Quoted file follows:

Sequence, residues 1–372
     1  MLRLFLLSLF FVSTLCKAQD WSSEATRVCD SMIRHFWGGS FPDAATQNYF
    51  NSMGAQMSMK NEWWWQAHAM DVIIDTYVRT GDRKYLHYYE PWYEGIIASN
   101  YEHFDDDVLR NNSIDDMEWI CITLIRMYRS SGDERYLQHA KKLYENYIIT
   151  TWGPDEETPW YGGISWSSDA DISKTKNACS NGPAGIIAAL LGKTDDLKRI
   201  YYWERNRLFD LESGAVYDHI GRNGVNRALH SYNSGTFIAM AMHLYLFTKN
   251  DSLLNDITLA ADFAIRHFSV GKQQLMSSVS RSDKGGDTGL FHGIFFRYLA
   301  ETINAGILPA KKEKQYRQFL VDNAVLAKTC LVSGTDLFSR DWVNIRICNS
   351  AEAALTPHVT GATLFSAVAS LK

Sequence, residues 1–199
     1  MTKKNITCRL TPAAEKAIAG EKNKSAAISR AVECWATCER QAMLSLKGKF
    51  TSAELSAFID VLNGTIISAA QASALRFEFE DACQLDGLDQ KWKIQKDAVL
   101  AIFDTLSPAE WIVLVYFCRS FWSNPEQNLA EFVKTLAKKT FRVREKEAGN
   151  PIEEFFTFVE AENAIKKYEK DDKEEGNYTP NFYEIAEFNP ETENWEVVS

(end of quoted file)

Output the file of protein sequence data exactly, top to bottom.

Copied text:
Sequence, residues 1–372
     1  MLRLFLLSLF FVSTLCKAQD WSSEATRVCD SMIRHFWGGS FPDAATQNYF
    51  NSMGAQMSMK NEWWWQAHAM DVIIDTYVRT GDRKYLHYYE PWYEGIIASN
   101  YEHFDDDVLR NNSIDDMEWI CITLIRMYRS SGDERYLQHA KKLYENYIIT
   151  TWGPDEETPW YGGISWSSDA DISKTKNACS NGPAGIIAAL LGKTDDLKRI
   201  YYWERNRLFD LESGAVYDHI GRNGVNRALH SYNSGTFIAM AMHLYLFTKN
   251  DSLLNDITLA ADFAIRHFSV GKQQLMSSVS RSDKGGDTGL FHGIFFRYLA
   301  ETINAGILPA KKEKQYRQFL VDNAVLAKTC LVSGTDLFSR DWVNIRICNS
   351  AEAALTPHVT GATLFSAVAS LK

Sequence, residues 1–199
     1  MTKKNITCRL TPAAEKAIAG EKNKSAAISR AVECWATCER QAMLSLKGKF
    51  TSAELSAFID VLNGTIISAA QASALRFEFE DACQLDGLDQ KWKIQKDAVL
   101  AIFDTLSPAE WIVLVYFCRS FWSNPEQNLA EFVKTLAKKT FRVREKEAGN
   151  PIEEFFTFVE AENAIKKYEK DDKEEGNYTP NFYEIAEFNP ETENWEVVS